A gift of victimhood

Posted on April 30, 2016



Back in my university days, I wrote a paper on culture of underdevelopment. In a nutshell, it proposed that when a society is perpetually stuck between poverty and the promise of development, it mutates into the most disfigured version of itself. Institutions give way to sorry excuses for meaningless procedures. Values remain only in form not in substance and work as cultural inhibitors that either keep you from progressing or else push you totally out of the bounds of civility.

Sad as it is, I feel even after almost two decades, Pakistani society still qualifies for this definition. Look at the duality of fortunes where extreme riches meet squalor and poverty, where a designer car passes a street vendor clad in tatters. From the fanaticism of the religious elite to the obstinacy of the intellectual elite that is totally divorced from the reality of lives. Loss of taste is one thing but loss of sense occurs when someone rich, with a lot of hope and potential, is dragged down into the worthless and endless nightmare of disempowerment. I am told my country and society, too, were once rich in tradition and colours. No more sir. There were giants of profession who once roamed this part of the world. Gone. All gone. And you got stuck with us.

Let us get back to the loss of the sense of loss. In poverty, the first thing that goes is taste. When quantity becomes more important than quality. The second loss is of humanism. When you get selfish, greedy and cruel. This is not a rule of thumb and great exceptions indeed exist but this, more or less, is the progression of events. Then goes hope. The time when you are prepared to send your minor children to work at other people’s places. Young boys are forced to do hard labour. And the family unit becomes a farce. The last one to go is sorrow, regret and guilt. The worst tragedy in life. I have seen people losing their children and not even thinking twice about it. Honest truth. No exaggeration.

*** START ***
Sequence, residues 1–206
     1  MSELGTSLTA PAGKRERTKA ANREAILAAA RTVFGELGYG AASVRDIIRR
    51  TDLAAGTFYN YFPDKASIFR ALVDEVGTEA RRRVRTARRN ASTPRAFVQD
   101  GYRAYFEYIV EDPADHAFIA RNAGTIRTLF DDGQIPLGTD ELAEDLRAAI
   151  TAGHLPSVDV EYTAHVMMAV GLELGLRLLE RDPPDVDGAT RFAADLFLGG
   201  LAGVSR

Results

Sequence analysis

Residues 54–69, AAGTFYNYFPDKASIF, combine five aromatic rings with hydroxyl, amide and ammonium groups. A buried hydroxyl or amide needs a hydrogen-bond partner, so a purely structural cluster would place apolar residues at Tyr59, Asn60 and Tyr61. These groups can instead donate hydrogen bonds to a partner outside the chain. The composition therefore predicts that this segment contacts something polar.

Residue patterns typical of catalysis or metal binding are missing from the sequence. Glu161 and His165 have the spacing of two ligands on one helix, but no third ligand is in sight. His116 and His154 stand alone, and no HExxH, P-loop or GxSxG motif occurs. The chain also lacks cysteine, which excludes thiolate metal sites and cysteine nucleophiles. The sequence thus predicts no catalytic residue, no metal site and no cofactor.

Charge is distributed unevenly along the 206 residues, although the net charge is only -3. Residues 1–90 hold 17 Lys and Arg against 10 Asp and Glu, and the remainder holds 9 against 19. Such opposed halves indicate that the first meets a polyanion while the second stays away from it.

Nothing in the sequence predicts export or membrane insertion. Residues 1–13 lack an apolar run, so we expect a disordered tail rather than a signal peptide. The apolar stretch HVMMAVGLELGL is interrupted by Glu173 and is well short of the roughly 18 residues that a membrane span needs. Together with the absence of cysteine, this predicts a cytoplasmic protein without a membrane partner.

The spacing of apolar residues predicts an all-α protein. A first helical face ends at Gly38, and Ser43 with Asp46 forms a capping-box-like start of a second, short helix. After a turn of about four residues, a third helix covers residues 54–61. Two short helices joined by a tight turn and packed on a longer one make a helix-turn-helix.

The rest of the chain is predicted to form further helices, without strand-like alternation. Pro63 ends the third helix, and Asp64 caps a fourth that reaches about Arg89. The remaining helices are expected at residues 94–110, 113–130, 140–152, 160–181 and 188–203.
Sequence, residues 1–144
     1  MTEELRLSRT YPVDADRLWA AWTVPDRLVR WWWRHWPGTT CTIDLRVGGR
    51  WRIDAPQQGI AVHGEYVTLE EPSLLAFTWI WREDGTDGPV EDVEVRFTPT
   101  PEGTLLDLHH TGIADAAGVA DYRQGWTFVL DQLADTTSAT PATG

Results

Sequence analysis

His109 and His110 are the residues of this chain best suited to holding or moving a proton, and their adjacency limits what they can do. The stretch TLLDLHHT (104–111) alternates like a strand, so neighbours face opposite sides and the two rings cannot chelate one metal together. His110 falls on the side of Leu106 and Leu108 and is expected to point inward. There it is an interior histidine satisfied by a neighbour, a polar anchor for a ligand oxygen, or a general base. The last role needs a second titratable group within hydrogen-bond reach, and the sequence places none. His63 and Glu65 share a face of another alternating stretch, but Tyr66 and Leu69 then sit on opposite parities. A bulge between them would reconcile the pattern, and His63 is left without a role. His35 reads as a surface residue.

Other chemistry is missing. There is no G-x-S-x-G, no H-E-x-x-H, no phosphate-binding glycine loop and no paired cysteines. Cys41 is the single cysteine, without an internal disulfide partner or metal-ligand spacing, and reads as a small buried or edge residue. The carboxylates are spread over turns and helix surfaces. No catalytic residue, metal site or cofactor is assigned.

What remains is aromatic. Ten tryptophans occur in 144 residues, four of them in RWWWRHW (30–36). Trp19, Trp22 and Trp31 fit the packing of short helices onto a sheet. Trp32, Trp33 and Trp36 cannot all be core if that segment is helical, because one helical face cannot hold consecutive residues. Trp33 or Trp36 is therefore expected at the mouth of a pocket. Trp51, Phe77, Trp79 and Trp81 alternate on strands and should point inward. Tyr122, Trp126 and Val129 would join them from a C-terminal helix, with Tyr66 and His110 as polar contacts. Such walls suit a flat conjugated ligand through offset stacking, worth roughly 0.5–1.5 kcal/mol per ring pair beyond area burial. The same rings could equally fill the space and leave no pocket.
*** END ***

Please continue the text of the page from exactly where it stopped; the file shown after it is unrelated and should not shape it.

We speak a lot about our family values. Moth-eaten values. If you want to know how moth-eaten those values truly are, go randomly check how a majority of the country treats its children and elders. They endure mental torture. And there is no counselling available to control the damage. And pray do not get me started on how women are treated.

You measure your own poverty in relation to someone else’s wealth. In a country so full of ostentation, the realisation of poverty is a certainty. So when someone rich comes to the poor and tells them the other rich man is robbing them, they laugh and shrug it off. Yeah right, as if you have never robbed us pal. The disgruntled rich man then goes on national television or social media and declares the nation dead. And then you are told how democracy is not meant for your country. But wait a minute. Hasn’t this country been run by a rich and powerful minority for most of its life? The poor majority was allowed only to vote in governments — that too occasionally — and not to vote them out. A miracle happened only in 2013 when, for the first time, the common man was given the chance to vote a government out. The poor sacked the incumbents and the rich declared the election rigged. And since the state was mostly managed by the rich, it picked up their biases. It judges its own citizens. Considers them foreign stooges. Keeps secrets from them. And yet demands their total trust and loyalty. It resents popular politicians and keeps empowering them by making heroes and martyrs out of them. And then it complains the same faces are returned to public office. How myopic. Someone should tell that if Zulfikar Ali Bhutto was not sacked and hanged, his political career would have been over in a few short years. But the trouble is that a state that can tolerate a dictator for over a decade cannot endure a full term of elected representatives. If it wants the people to become a nation, it will have to change. It will have to let the people get bored with their old choices and will have to stop making martyrs out of ordinary men. Let the country heal. Empower them and yourself through democracy. In due course, you will get the desired results.

Published in The Express Tribune, April 30th, 2016.